Takaragawa Onsen, Japan Takaragawa Onsen in autumn, Japan
Takaragawa Onsen in autumn, Japan

Takaragawa Onsen, Japan

There are more than 3,000 onsen, or hot springs spots, in Japan and some of them can easily be visited from Tokyo on a day trip. Takaragawa Onsen, deep in the mountains of northern Gunma Prefecture, is one of the best. While people come for the healing waters, they stay for the magnificent views, surrounded by tranquil forest along the Tone River.

Chena Hot Springs, Alaska Chena Hot Springs Pool, Fairbanks, Alaska
Chena Hot Springs Pool, Fairbanks, Alaska

Chena Hot Springs, Alaska

Chena Hot Springs in Fairbanks offers the wonderful experience of enjoying the warmth of the water while surrounded by snow, and possibly Mother Nature’s own colorful light show, the aurora borealis, which frequently appears in the dark skies above in fall, winter and well into early spring. Located at Chena Hot Springs Resort, a stay here also brings the opportunity to join a dog sled ride or a horse-drawn sleigh ride, ice skate or take an unforgettable flight over the Arctic wilderness.

Travertine Hot Springs, California Travertine Hot Springs, Bridgeport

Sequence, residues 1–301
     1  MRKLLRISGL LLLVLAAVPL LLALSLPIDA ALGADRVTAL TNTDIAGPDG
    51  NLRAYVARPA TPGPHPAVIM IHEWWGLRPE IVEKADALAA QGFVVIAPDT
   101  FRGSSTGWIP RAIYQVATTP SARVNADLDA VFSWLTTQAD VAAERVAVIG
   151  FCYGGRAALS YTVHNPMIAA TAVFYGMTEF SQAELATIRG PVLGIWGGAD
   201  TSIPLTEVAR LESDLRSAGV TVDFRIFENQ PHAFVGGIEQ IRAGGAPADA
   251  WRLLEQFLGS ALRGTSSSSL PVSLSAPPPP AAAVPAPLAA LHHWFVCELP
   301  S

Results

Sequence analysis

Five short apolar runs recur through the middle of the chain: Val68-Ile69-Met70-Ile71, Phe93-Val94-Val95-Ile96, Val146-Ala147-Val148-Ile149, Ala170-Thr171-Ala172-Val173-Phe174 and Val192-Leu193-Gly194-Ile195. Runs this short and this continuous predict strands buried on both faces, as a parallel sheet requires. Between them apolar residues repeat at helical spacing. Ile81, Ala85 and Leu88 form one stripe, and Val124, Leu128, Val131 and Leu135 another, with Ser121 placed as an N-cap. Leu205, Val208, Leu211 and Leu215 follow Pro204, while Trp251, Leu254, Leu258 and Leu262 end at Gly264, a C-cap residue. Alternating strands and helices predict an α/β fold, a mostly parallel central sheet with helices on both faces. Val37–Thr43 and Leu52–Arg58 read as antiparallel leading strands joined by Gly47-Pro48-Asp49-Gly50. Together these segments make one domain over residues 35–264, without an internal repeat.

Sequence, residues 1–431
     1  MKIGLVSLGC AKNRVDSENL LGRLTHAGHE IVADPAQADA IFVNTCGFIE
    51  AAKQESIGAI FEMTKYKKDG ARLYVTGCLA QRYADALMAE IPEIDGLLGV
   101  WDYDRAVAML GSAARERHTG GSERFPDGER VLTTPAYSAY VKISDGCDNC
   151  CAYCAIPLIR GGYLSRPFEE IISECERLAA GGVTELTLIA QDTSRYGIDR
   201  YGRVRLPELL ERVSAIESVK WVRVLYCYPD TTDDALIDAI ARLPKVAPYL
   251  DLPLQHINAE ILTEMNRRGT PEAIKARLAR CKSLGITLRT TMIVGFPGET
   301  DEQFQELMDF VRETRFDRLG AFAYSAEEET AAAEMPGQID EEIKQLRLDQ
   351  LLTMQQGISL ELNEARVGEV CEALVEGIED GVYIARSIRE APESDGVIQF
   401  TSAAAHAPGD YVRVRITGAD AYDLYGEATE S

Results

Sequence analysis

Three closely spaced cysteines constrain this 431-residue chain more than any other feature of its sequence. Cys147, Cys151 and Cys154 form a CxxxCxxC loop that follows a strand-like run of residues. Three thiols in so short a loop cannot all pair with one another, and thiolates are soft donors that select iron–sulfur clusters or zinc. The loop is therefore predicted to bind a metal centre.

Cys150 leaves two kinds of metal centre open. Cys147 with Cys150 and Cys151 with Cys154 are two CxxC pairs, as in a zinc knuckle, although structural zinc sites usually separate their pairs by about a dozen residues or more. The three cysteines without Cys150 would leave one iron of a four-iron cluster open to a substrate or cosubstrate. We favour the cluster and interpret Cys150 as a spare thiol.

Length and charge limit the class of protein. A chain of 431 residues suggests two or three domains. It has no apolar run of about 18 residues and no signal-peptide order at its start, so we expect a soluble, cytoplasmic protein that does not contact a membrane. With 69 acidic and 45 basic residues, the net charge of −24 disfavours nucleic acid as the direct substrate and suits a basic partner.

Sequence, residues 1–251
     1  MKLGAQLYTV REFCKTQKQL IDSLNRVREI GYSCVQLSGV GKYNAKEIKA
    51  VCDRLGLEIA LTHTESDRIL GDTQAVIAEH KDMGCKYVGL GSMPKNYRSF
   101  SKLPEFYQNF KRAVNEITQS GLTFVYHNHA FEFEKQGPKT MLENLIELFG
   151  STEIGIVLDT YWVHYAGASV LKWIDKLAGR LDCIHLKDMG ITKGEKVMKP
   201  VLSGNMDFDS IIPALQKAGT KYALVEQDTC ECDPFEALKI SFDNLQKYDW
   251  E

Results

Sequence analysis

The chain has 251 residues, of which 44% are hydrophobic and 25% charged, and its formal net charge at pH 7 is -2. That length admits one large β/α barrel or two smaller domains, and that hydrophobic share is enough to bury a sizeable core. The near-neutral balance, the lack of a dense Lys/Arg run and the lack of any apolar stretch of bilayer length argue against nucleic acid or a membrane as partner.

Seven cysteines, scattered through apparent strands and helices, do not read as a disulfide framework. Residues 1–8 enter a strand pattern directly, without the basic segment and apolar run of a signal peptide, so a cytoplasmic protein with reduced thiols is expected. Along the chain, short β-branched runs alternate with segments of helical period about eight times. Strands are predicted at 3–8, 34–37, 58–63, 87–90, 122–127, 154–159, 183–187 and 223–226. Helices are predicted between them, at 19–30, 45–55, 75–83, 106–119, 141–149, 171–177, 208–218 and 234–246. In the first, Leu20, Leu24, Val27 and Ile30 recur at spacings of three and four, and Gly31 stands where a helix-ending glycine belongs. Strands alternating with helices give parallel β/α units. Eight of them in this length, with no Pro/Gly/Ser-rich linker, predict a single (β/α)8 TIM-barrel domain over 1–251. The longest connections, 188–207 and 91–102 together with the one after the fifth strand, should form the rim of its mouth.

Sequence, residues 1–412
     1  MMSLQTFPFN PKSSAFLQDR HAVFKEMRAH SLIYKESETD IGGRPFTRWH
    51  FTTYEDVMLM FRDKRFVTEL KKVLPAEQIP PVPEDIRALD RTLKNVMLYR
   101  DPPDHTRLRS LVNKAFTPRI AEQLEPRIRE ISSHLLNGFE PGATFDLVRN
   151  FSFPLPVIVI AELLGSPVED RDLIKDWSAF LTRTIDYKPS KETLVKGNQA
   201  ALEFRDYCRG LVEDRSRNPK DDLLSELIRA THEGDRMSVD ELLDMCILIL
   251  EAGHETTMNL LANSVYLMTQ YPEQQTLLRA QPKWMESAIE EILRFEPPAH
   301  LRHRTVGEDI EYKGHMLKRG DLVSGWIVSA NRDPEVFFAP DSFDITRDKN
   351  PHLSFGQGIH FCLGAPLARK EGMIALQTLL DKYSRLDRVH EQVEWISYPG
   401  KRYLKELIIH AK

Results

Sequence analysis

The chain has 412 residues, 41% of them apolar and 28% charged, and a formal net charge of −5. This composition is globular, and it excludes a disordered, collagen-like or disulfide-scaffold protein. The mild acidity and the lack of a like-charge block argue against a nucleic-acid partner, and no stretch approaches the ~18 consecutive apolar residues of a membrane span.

Travertine Hot Springs, Bridgeport

Travertine Hot Springs, California

Travertine Hot Springs, located just south of the town of Bridgeport near the east entrance of Yosemite National Park, offers the chance to enjoy breathtaking views of the Sierra Mountains while relaxing in the soothing, perfectly-warmed 103-degree waters. Rocks segregate the spring-fed pools that flow from a cool mountain stream, and while the springs are designated as “clothing optional” most bathers soak in their swimsuits. There are no facilities of any kind in this remote wilderness, no snack bars, vending machines, so you’ll need to bring your own food and drink.

Glenwood Hot Springs, Colorado Glenwood Hot Springs pools and amusement park
Glenwood Hot Springs pools and amusement park

Glenwood Hot Springs, Colorado

Glenwood Springs is located in the heart of the Colorado Rockies and it hosts one of the world’s hottest springs. It flows from Yampah spring which produces over three million gallons of water every day at temperatures of 122 degrees Fahrenheit. By the time it reaches to the pools, it’s cooled to an idyllic 104 degrees. The Glenwood Hot Springs Pool is the largest hot spring pool on the planet, providing plenty of room to soak, swim and splash around. It even has a lap lane and diving area on the west end. During warmer months of the year, the brand new, family-friendly Sopris Splash Zone is open on the west end and features three distinct areas for aquatic fun. Shoshone Chutes is a fast-moving river ride on tubes; Hanging Lake has a waterfall, wading pool and small slides for younger kids; and the Grand Fountain is a splash pad by day and a show fountain after hours.